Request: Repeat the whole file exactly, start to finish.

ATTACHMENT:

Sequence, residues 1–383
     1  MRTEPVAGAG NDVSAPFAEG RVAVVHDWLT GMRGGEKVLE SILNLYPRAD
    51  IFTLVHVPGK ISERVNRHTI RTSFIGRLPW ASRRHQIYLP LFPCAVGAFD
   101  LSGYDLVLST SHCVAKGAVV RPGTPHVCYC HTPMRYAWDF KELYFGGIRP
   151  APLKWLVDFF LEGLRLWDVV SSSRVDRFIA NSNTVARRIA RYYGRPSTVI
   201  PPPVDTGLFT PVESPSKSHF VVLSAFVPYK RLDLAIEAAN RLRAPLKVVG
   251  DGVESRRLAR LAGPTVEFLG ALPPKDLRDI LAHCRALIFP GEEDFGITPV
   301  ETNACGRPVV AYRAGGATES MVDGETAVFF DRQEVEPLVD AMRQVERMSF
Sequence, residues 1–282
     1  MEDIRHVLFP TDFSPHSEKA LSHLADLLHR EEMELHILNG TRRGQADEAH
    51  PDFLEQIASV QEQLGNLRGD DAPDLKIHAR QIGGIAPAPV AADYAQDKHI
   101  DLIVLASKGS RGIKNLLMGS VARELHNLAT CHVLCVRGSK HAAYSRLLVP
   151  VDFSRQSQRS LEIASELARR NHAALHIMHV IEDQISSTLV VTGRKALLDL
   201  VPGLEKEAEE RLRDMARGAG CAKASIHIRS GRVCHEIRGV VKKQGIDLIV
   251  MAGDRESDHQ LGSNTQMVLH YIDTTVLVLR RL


Sequence, residues 1–383
     1  MRTEPVAGAG NDVSAPFAEG RVAVVHDWLT GMRGGEKVLE SILNLYPRAD
    51  IFTLVHVPGK ISERVNRHTI RTSFIGRLPW ASRRHQIYLP LFPCAVGAFD
   101  LSGYDLVLST SHCVAKGAVV RPGTPHVCYC HTPMRYAWDF KELYFGGIRP
   151  APLKWLVDFF LEGLRLWDVV SSSRVDRFIA NSNTVARRIA RYYGRPSTVI
   201  PPPVDTGLFT PVESPSKSHF VVLSAFVPYK RLDLAIEAAN RLRAPLKVVG
   251  DGVESRRLAR LAGPTVEFLG ALPPKDLRDI LAHCRALIFP GEEDFGITPV
   301  ETNACGRPVV AYRAGGATES MVDGETAVFF DRQEVEPLVD AMRQVERMSF
Sequence, residues 1–282
     1  MEDIRHVLFP TDFSPHSEKA LSHLADLLHR EEMELHILNG TRRGQADEAH
    51  PDFLEQIASV QEQLGNLRGD DAPDLKIHAR QIGGIAPAPV AADYAQDKHI
   101  DLIVLASKGS RGIKNLLMGS VARELHNLAT CHVLCVRGSK HAAYSRLLVP
   151  VDFSRQSQRS LEIASELARR NHAALHIMHV IEDQISSTLV VTGRKALLDL
   201  VPGLEKEAEE RLRDMARGAG CAKASIHIRS GRVCHEIRGV VKKQGIDLIV
   251  MAGDRESDHQ LGSNTQMVLH YIDTTVLVLR RL